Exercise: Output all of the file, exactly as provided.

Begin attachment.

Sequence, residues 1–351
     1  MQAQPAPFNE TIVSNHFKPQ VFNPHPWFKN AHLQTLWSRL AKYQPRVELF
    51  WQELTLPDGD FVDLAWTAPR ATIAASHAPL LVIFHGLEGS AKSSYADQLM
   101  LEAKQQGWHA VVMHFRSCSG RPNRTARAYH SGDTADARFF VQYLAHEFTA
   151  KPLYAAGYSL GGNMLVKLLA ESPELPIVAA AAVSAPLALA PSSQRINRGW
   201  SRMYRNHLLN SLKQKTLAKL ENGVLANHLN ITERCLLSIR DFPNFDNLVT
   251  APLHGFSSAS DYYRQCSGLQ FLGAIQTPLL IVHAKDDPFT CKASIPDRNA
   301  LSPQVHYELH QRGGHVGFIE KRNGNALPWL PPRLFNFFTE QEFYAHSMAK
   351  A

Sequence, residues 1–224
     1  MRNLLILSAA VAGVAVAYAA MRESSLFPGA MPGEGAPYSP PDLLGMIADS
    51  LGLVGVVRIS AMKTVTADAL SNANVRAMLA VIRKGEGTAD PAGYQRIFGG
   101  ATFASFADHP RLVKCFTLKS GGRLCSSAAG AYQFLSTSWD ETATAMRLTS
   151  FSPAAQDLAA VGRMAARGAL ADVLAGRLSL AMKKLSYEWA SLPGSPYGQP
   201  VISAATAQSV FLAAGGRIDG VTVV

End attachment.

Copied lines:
Sequence, residues 1–351
     1  MQAQPAPFNE TIVSNHFKPQ VFNPHPWFKN AHLQTLWSRL AKYQPRVELF
    51  WQELTLPDGD FVDLAWTAPR ATIAASHAPL LVIFHGLEGS AKSSYADQLM
   101  LEAKQQGWHA VVMHFRSCSG RPNRTARAYH SGDTADARFF VQYLAHEFTA
   151  KPLYAAGYSL GGNMLVKLLA ESPELPIVAA AAVSAPLALA PSSQRINRGW
   201  SRMYRNHLLN SLKQKTLAKL ENGVLANHLN ITERCLLSIR DFPNFDNLVT
   251  APLHGFSSAS DYYRQCSGLQ FLGAIQTPLL IVHAKDDPFT CKASIPDRNA
   301  LSPQVHYELH QRGGHVGFIE KRNGNALPWL PPRLFNFFTE QEFYAHSMAK
   351  A

Sequence, residues 1–224
     1  MRNLLILSAA VAGVAVAYAA MRESSLFPGA MPGEGAPYSP PDLLGMIADS
    51  LGLVGVVRIS AMKTVTADAL SNANVRAMLA VIRKGEGTAD PAGYQRIFGG
   101  ATFASFADHP RLVKCFTLKS GGRLCSSAAG AYQFLSTSWD ETATAMRLTS
   151  FSPAAQDLAA VGRMAARGAL ADVLAGRLSL AMKKLSYEWA SLPGSPYGQP
   201  VISAATAQSV FLAAGGRIDG VTVV